Mercury’s eccentric orbit takes the small planet as close as 47 million km (29 million miles) and as far as 70 million km (43 million miles) from the sun. If one could stand on the scorching surface of Mercury when it is at its closest point to the sun, the sun would appear more than three times as large as it does when viewed from Earth.
Temperatures on Mercury’s surface can reach 800 degrees Fahrenheit (430 degrees Celsius). Because the planet has no atmosphere to retain that heat, nighttime temperatures on the surface can drop to -290 degrees Fahrenheit (-180 degrees Celsius).
The battered surface of Mercury. Image Credit: NASA/USGS/JHUAPL
Because Mercury is so close to the sun, it is hard to directly observe from Earth except during dawn or twilight. Mercury makes an appearance indirectly — 13 times each century, observers on Earth can watch Mercury pass across the face of the sun, an event called a transit. These rare transits fall within several days of 8 May and 10 November. The first two transits of Mercury in the 21st century occurred 7 May 2003, and 8 November 2006. The next are 9 May 2016, and 11 November 2019.
Mercury speeds around the sun every 88 days, traveling through space at nearly 50 km (31 miles) per second, faster than any other planet. One Mercury solar day (one day-night cycle) equals 175.97 Earth days.
Instead of an atmosphere, Mercury possesses a thin exosphere made up of atoms blasted off the surface by the solar wind and striking micrometeoroids. Because of solar radiation pressure, the atoms quickly escape into space and form a tail of neutral particles. Though Mercury’s magnetic field at the surface has just one percent the strength of Earth’s, it interacts with the magnetic field of the solar wind to episodically create intense magnetic tornadoes that funnel the fast, hot solar wind plasma down to the surface. When the ions strike the surface, they knock off neutrally charged atoms and send them on a loop high into the sky.
Mercury’s surface resembles that of Earth’s Moon, scarred by many impact craters resulting from collisions with meteoroids and comets. Very large impact basins, including Caloris (1,550 km, or 960 miles, in diameter) and Rachmaninoff (306 km, or 190 miles), were created by asteroid impacts on the planet’s surface early in the solar system’s history. While there are large areas of smooth terrain, there are also lobe-shaped scarps or cliffs, some hundreds of miles long and soaring up to a mile high, formed as the planet’s interior cooled and contracted over the billions of years since Mercury formed.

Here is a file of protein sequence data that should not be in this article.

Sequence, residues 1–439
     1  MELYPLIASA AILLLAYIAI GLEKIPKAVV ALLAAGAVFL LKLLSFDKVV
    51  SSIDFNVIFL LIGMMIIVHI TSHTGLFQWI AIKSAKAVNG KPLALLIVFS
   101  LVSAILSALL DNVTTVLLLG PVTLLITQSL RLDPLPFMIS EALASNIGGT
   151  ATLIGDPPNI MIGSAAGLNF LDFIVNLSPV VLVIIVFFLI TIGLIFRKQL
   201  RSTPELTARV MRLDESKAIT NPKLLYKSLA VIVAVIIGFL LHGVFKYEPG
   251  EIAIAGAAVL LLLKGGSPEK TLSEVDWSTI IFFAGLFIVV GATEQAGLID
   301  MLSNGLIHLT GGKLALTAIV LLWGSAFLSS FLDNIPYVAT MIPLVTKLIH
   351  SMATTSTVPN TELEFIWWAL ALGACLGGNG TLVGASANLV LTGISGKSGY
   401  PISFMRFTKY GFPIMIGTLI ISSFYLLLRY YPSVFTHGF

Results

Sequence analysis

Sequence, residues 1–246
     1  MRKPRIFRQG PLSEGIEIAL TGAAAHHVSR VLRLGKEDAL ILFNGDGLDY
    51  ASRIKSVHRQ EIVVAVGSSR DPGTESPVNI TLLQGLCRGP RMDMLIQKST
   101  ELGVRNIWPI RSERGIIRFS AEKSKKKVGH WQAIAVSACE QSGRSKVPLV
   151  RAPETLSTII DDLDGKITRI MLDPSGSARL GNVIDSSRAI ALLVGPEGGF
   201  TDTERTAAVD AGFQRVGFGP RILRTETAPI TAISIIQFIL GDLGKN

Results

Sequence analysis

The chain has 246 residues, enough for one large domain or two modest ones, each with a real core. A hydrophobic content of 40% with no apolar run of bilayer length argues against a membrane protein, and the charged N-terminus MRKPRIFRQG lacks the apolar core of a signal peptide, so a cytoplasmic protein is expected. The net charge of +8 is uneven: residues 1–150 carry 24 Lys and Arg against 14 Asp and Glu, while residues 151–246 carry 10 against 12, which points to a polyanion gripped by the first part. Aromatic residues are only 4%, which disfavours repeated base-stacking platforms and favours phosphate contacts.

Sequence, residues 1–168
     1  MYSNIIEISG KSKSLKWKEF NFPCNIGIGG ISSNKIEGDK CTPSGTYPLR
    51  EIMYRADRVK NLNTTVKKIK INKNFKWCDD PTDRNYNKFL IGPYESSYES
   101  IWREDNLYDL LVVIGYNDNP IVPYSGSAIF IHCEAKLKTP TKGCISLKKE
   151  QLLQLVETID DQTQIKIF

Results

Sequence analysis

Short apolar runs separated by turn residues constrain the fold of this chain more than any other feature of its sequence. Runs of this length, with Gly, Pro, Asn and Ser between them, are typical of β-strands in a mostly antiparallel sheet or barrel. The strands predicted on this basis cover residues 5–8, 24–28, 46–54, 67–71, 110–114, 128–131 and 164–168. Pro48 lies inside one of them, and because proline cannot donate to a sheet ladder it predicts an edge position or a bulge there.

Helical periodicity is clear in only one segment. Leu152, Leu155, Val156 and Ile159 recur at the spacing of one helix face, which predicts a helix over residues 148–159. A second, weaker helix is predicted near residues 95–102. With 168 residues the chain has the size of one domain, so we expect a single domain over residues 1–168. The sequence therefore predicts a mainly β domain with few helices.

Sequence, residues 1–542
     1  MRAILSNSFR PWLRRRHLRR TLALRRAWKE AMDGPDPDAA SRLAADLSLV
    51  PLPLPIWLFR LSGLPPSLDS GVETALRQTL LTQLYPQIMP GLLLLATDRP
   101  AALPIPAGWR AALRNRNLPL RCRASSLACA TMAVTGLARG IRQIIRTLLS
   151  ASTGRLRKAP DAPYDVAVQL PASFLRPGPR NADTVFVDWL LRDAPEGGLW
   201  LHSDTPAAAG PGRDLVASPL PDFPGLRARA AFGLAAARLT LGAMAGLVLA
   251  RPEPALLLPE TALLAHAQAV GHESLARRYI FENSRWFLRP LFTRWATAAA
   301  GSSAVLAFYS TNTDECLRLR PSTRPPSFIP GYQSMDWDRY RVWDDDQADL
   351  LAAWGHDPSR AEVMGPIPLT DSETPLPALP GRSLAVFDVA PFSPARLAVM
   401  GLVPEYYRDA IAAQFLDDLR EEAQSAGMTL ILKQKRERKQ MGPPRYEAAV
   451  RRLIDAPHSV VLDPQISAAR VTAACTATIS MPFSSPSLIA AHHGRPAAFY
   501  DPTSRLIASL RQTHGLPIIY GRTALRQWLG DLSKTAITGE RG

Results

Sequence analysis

Mercury is the second densest planet after Earth, with a large metallic core having a radius of about 2,000 km (1,240 miles), about 80 percent of the planet’s radius. In 2007, researchers used ground-based radars to study the core, and found evidence that it is partly molten (liquid). Mercury’s outer shell, comparable to Earth’s outer shell (called the mantle and crust), is only about 400 km (250 miles) thick.
The first spacecraft to visit Mercury was Mariner 10, which imaged about 45 percent of the surface. NASA’s MErcury Surface, Space ENvironment, GEochemistry, and Ranging (MESSENGER) mission flew by Mercury three times in 2008-2009 and has been in orbit around the planet since 18 March 2011. Almost the entire planet has now been imaged, revealing a surface that has been shaped both by extensive volcanism and impacts.
Data from MESSENGER’s scientific instruments have provided a trove of scientific discoveries. These include the identification of a new landform known as hollows, measurements indicating that Mercury has a remarkably high abundance of the volatile elements sulfur and potassium, and the discoveries that Mercury’s magnetic field is offset relative to the planet’s equator and that the planet has a highly unusual internal structure. In 1991, astronomers on Earth using radar observations showed that Mercury may have water ice at its north and south poles inside deep craters. MESSENGER observations have shown that the materials identified by radar are present only in regions of permanent shadow, consistent with the idea that they are cold enough to preserve water ice, despite the extreme high temperatures experienced by sunlit parts of the planet.
How Mercury Got its Name
Mercury is appropriately named for the swiftest of the ancient Roman gods. Mercury, the god of commerce, is the Roman counterpart to the ancient Greek god Hermes, the messenger of the gods.
- 1631: Thomas Harriott and Galileo Galilei observe Mercury with the newly invented telescope.
- 1631: Pierre Gassendi uses a telescope to watch from Earth as Mercury crosses the face of the sun.
- 1965: Incorrectly believing for centuries that the same side of Mercury always faces the sun, astronomers find that the planet rotates three times for every two orbits.
- 1974-1975: Mariner 10 photographs roughly half of Mercury’s surface in three flybys.
- 1991: Scientists using Earth-based radar find signs of ice locked in permanently shadowed areas of craters in Mercury’s polar regions.
- 2008-2009: MESSENGER observes Mercury during three flybys.
- 2011: MESSENGER begins its orbital mission at Mercury, yielding a treasure trove of images, compositional data and scientific discoveries.